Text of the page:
MUNICIPAL EMPLOYEES RETIREMENT SYSTEMS V CHARTER TWP OF DELTAAnnotate this Case
STATE OF MICHIGAN
COURT OF APPEALS
MUNICIPAL EMPLOYEES RETIREMENT
SYSTEMS OF MICHIGAN,
May 24, 2005
LC No. 00-306773
CHARTER TOWNSHIP OF DELTA,
Official Reported Version
Before: Murphy, P.J., and White and Smolenski, JJ.
Petitioner is a Michigan public corporation created pursuant to the Municipal Employees
Retirement Act (MERA), MCL 38.1501 et seq., for the purpose of administering a governmental
pension plan and related benefits to employees of participating governmental agencies. It
purchased three contiguous parcels of vacant commercial property as an investment. After
receiving notices of assessments concerning the 2004 assessed values of the property, petitioner
protested to the Delta Township Board of Review. Petitioner challenged the valuation and
claimed that the parcels were exempt from ad valorem taxation pursuant to MCL 211.7m
because the parcels were being "used to carry out a public purpose" in that they were part of a
diversified portfolio that benefited public employees. The board of review lowered the assessed
values, but rejected the claim of exemption. Petitioner appealed the denial of the exemption to
the Tax Tribunal, which concluded that real property owned for investment purposes is taxable
even if the proceeds from the investment further an exempt purpose. Petitioner now appeals as
of right. We reverse and remand. This case is being decided without oral argument pursuant to
MCL 211.7m states:
Property owned by, or being acquired pursuant to, an installment purchase
agreement by a county, township, city, village, or school district used for public
purposes and property owned or being acquired by an agency, authority,
instrumentality, nonprofit corporation, commission, or other separate legal entity
comprised solely of, or which is wholly owned by, or whose members consist
solely of a political subdivision, a combination of political subdivisions, or a
combination of political subdivisions and the state and is used to carry out a
public purpose itself or on behalf of a political subdivision or a combination is
exempt from taxation under this act. . . .
There is no dispute that petitioner falls within the category of "an agency, authority,
instrumentality, nonprofit corporation, commission, or other separate legal entity comprised
solely of, or which is wholly owned by, or whose members consist solely of a political
subdivision, a combination of political subdivisions, or a combination of political subdivisions
and the state . . . ." The dispositive issue is whether the property "is used to carry out a public
purpose . . . ."
We review our Supreme Court's decision in Traverse City v East Bay Twp, 190 Mich
327; 157 NW 85 (1916), to determine the meaning of "used" in the context of this statute. In
Traverse City, the Supreme Court interpreted a predecessor version of MCL 211.7m, 1 Comp
Laws 1915, § 4001, that pertained to property "used for public purposes." The land at issue was
undeveloped and was held by the city as a prospective site for future generation of electrical
power. The Court reasoned:
Can it be said in any proper sense, and within the meaning of the language
of the statute, that these lands belonging to the plaintiff in the defendant township
are "used for public purposes?"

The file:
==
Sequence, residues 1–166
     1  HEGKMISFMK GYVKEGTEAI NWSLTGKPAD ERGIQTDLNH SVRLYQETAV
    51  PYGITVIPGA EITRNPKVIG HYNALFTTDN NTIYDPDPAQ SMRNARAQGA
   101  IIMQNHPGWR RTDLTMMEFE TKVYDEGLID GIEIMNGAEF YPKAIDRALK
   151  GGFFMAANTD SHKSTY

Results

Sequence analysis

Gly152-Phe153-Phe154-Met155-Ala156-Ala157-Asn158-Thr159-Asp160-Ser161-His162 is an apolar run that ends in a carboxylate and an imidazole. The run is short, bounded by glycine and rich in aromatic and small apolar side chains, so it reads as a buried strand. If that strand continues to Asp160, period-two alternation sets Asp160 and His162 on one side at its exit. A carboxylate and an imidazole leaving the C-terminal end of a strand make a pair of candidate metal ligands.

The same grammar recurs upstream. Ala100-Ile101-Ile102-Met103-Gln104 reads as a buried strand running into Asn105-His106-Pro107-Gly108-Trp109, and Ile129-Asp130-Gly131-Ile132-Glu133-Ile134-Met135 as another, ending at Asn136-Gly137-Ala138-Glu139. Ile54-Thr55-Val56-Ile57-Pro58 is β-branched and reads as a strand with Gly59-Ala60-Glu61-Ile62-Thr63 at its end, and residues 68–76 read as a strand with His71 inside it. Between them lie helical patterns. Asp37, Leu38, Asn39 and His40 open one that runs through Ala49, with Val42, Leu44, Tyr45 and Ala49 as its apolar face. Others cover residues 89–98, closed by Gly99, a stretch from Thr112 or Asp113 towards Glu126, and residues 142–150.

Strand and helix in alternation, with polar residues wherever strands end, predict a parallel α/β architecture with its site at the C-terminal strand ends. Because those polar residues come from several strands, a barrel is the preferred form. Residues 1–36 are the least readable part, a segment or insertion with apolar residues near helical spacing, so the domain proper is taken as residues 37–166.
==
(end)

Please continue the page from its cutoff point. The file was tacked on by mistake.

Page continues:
The evidence above set forth distinctively negatives this proposition. The
lands not only are not used for any public purpose, but they are not used for any
purpose. They lie in a state of nature and no attempt has, to the present time, been
made to utilize them for the development of power, which is the only use of value
that can be made of them. [Id. at 330-331 (emphasis added).]
The Court clarified that "the use which warrants exemption mentioned in the statute is a present
use, and not an indefinite prospective use." Id. at 331. Hence, the relevant inquiry is whether
petitioner puts the property in question to a present use for a public purpose. If the use is merely
"prospective," then it will not be exempt from taxation.
This case presents circumstances distinct from those involved in the cases relied on by
the Tax Tribunal, in which a governmental entity holds real property for investment purposes.
Here, the vacant properties are held by petitioner, not for ancillary investment purposes, but as
part of a diversified investment portfolio pursuant to petitioner's statutory duty to administer
funds. MCL 38.1139(2) and 38.1536(10). See Commonwealth v Dauphin Co, 354 Pa 556; 47
A2d 807 (1946), and Pennsylvania Turnpike Comm v Fulton Co, 195 Pa Super 517, 522; 171
A2d 882, 884 (1961). Under MERA, "[a]ll money and other assets of the retirement system shall
be held and invested for the sole purpose of meeting disbursements authorized in accordance
with the provisions of this act and shall be used for no other purpose . . . ." MCL 38.1539(2).
By the plain language of this statute, petitioner is required to hold and invest other assets, such as
the land in question, for the purpose of meeting its disbursement requirements. Furthermore, the
statute specifically states that the assets held or invested "shall be used for no other purpose." Id.
(emphasis added). The phrase "used for no other purpose" necessarily contemplates that the only
proper "uses" for assets under the act, is to hold or invest them. Consequently, the act of holding
real property assets in petitioner's portfolio, ready for liquidation to meet its statutorily mandated
disbursement requirements, is a present use rather than "an indefinite prospective use." Traverse
City, supra at 331. Therefore, the land held by petitioner was properly exempt from taxation
under MCL 211.7m because it was land used for a public purpose.
Reversed and remanded. We do not retain jurisdiction.
/s/ William B. Murphy
/s/ Helene N. White
/s/ Michael R. Smolenski